When my husband and I traveled to Tokyo for the first time in November, we feasted on a vast array of Japanese delights, from soba to sushi, yakitori to Yamazaki (read all about the trip in great detail here). One delight perhaps unrivaled on the trip was to be found at breakfast time, in the lovely dining room of our hotel. We stayed at the Park Hyatt, where the film “Lost in Translation” was shot, a luxury we certainly couldn’t have afforded but for the fact that we have a lot of flexible travel points. The hotel was the epitome of refinement, and the staff, like everyone we met in Japan, was beyond polite. Once at breakfast someone on the wait staff noticed I had opened a packet of Vitamin C powder and was pouring it into my water glass. I opened my mouth to say to my husband, “I need a—" when the man appeared at my side with a small spoon on a napkin. It was unreal. Breakfast was included in our room rate at the Park Hyatt, and they had a lovely buffet as you may imagine, as well as a variety of menu items available, but the real treat was the Japanese Breakfast. A dazzling array of different delicacies—smoked salmon filets with a wedge of lemon and a tiny bite of sweet potato in a perfect cylinder; miso soup; steamed Japanese vegetables with sesame sauce; tamago; tiny fish (eels?) with salt and lemon; burdock and carrot salad; steamed rice, and my favorite part, two varieties of fresh tofu and boiled spinach, meant to be spooned out of their broth with a small grate provided to each diner and dipped in a ponzu/soy sauce soup. The tofu was heavenly, the consistency soft and delicate. Every item was preciously plated, light and delicious. This breakfast was a meal that made you feel…spoiled.
I have always thought that Japanese breakfast as we know it was perhaps a hotel invention, or at least something rarely found outside of hotel dining rooms. I know I have seen it offered at many hotels in Hawaii, and now in Japan, but had yet to find it on a restaurant menu in LA or elsewhere. You may imagine my delight at discovering Fukugawa in Gardena. Tucked into a back corner of a large strip mall, Fukugawa is a large but cozy feeling restaurant, the décor featuring paper lantern light fixtures and sliding wood paneled doors, a tatami room, and some sort of Japanese history diorama behind glass. For lunch and dinner Fukagawa is a very decent soba/udon/tempura/shabu shabu spot, but every morning from 7-11 it offers what I have so long sought out—a refined, light, and delicious Japanese breakfast. And for quite a bit less than the Park Hyatt.
I can’t resist a meal that consists of many different little dishes—variety excites me. The Japanese breakfast combinations at Fukagawa, with their endless options and variations (see dizzying chart below), provide that special experience of tasting and choosing bites. I love to opt for combination C for $10.95: grilled mackerel or salmon, marinated tofu with scallion and bonito flakes, Japanese pickles, steamed rice, seaweed, egg (4 choices for how you like your egg, I highly recommend Dashimaki, the sweet omelet I know as Tamago at sushi restaurants,) and miso soup. The miso soup is a variation on the norm, with that spongy, almost tripe-textured inari type tofu and a lot of onion cooked down in the broth. The mackerel is moist, salty, and flaky, the salmon is meaty and moist with crispy skin. There are meatless combinations for less $ on offer as well (though not vegetarian, dashi and bonito are fish products), or you can select Spanish mackerel or steak with your combo C. I’m not generally a one-meal-a-day type of person, but if you arrive at 10:50 and have this breakfast for brunch, it will really fill you up without feeling heavy.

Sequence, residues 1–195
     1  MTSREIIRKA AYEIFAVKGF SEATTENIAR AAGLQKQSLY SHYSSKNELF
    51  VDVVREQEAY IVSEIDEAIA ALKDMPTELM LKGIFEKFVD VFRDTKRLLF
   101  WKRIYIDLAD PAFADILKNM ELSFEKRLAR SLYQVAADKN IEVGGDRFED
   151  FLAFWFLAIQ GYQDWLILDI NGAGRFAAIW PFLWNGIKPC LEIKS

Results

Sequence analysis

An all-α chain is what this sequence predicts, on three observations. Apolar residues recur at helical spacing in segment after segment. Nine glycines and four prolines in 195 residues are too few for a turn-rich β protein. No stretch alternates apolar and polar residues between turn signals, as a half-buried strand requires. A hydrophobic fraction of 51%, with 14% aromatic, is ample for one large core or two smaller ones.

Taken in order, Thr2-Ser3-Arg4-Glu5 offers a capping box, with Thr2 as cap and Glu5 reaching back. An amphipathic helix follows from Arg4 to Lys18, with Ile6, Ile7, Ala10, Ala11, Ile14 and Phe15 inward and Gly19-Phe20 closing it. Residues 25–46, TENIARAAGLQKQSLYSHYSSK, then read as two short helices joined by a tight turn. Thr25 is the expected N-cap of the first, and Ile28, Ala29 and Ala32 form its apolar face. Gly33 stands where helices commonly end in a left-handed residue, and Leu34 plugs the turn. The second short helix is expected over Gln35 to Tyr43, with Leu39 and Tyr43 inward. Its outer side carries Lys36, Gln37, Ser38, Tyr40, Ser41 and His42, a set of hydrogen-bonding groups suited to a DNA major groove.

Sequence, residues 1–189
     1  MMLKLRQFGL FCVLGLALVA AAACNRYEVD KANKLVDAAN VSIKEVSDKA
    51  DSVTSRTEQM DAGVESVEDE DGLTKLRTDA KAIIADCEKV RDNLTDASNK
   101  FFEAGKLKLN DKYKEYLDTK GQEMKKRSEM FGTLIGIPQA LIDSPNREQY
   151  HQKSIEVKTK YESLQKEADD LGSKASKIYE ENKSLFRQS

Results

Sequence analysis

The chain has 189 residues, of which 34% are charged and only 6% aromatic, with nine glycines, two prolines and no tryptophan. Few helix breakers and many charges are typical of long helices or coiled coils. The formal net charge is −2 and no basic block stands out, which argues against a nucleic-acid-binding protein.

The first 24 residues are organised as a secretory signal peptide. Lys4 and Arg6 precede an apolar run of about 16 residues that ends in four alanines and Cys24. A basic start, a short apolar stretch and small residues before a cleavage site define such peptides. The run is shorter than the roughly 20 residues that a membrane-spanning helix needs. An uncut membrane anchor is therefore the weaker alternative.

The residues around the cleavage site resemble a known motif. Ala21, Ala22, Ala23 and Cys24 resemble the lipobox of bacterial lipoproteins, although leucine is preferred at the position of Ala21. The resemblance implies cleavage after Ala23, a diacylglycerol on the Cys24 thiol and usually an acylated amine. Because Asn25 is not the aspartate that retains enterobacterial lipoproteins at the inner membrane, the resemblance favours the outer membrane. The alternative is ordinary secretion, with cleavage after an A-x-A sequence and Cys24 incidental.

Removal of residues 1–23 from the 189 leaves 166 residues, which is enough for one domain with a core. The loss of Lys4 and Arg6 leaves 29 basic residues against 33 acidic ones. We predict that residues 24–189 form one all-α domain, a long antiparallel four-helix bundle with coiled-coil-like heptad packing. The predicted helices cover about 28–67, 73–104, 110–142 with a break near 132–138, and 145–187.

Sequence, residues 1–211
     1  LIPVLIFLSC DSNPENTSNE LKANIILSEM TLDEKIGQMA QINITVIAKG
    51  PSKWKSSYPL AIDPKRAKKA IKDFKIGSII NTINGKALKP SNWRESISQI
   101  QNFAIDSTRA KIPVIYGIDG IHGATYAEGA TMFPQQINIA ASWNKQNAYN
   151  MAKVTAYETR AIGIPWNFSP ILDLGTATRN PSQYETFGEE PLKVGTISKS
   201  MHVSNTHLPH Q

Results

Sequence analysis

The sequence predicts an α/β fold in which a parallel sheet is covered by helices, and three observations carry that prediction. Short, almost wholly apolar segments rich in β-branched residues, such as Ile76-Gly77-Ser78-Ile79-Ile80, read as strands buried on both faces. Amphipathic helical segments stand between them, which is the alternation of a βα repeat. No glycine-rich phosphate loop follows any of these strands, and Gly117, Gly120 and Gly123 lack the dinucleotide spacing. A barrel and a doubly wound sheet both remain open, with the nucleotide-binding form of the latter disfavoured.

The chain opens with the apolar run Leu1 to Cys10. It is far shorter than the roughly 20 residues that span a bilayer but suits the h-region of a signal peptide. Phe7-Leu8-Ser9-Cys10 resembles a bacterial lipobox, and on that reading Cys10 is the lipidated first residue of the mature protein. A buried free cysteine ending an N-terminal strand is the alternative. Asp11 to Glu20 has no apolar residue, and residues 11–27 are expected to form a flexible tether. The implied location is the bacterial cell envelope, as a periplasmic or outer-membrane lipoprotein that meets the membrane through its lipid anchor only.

I know I have perhaps favored Japanese cuisine in my selections for this blog; I could say that’s because we have an embarrassment of riches in LA when it comes to Japanese food, with Little Osaka on Sawtelle in West LA, Little Tokyo downtown and Torrance/Gardena in the South Bay all offering dozens of authentic, specialized restaurants. More truthfully, it is most likely because I find that Japanese food is probably the best cuisine on Earth. I think the sheer variety, the fact that you could probably eat 50 completely different bowls of ramen in LA alone, is incredible. In Tokyo we had dinner at a Michelin starred soba restaurant, and I had a kind of soba I’ve never seen before, the buckwheat noodles flat and wide like Tagliatelle. There is no doubt that I will be posting many more Japanese recommendations this year and in the years to come, but to start off 2014, I am happy to pay homage to my highlight of last year, the delightful five days we spent in Tokyo, by sharing Fukagawa. I hope you enjoy an opportunity to indulge in that elusive treat, the Japanese breakfast.